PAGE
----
A blind Yemeni child at a protest against the US-Saudi coalition attack on the al-Nour Center for the Blind in Sana’a, Yemen, on January 10, 2016 (Credit: VOA/Almigdad Mojalli)

Preventable deaths of 63,000 Yemeni children in 2016 don’t spark outcry

Approximately 63,000 Yemeni children needlessly died of preventable causes in 2016 alone, according to the UN Children’s Fund (UNICEF). Many of these deaths were linked to malnutrition and treatable diseases. And 63,000 is a conservative estimate.

This staggering statistic was reported in passing in January, but has rarely been mentioned since. It got little attention, while media outlets fixated laser-like on the crimes of US enemies, such as Syria, Russia, and Iran.

Meanwhile, in the months since, the US and Saudi Arabia have ramped up their war in Yemen, exacerbating the worst humanitarian crisis in the world — a catastrophe they created.

The bombing and blockade the US and Saudi Arabia have unleashed on Yemen for more than two years get little attention in the media, yet alone in formal politics.

“Because of the crumbling health system, the conflict and economic crisis, we have gone back to 10 years ago. A decade has been lost in health gains,” Meritxell Relano, UNICEF representative in Yemen, told Reuters in January.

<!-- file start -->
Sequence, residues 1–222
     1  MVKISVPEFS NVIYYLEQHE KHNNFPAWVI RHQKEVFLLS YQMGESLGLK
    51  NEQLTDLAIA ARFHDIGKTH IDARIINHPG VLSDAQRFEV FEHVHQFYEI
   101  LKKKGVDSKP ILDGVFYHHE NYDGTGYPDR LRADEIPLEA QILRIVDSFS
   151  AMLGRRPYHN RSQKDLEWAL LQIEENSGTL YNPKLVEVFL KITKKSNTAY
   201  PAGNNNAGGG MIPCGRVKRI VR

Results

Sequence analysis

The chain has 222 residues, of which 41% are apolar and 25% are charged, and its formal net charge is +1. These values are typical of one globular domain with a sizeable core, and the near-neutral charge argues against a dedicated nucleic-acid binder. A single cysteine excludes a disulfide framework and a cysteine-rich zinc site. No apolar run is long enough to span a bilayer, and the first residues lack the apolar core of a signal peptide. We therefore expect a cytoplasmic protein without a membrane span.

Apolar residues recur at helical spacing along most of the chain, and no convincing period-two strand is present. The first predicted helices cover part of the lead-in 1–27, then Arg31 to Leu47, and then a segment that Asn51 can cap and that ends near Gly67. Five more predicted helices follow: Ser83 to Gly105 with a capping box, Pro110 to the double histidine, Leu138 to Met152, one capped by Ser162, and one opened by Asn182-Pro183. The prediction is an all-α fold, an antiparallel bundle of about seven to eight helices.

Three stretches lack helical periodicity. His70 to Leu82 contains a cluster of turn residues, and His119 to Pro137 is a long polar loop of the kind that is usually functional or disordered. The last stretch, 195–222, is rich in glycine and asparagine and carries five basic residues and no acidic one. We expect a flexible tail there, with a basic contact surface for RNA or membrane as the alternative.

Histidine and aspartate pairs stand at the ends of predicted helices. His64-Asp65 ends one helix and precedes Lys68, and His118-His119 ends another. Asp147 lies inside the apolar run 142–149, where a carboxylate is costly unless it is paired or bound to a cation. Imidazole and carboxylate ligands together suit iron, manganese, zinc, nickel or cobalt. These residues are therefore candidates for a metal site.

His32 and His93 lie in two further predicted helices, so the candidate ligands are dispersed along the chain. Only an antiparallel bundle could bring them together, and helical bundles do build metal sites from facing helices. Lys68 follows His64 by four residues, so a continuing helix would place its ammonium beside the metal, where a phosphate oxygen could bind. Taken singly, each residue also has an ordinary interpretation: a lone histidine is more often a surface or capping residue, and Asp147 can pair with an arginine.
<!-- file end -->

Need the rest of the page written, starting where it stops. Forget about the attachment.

She noted that 63 out of every 1,000 children born in Yemen were dying before their fifth birthday.

And things are only getting worse and worse, at an accelerating pace.

PBS reported on April 28, “In Yemen conflict, preventable diseases are a deadly side effect for children.” PBS did not mention the US-Saudi bombing or blockade. In fact, it did not even acknowledge the crucial role the US and European powers have played in fueling the conflict.

Nor did PBS mention the 63,000 Yemeni children who lost their lives last year alone for no reason.

The needless deaths of tens of thousands of Yemeni children should be one of the biggest scandals filling the headlines of all media outlets today — but it is the US that is guilty, not a Western enemy, and there is ergo little attention.


Originally published at bennorton.com on May 1, 2017.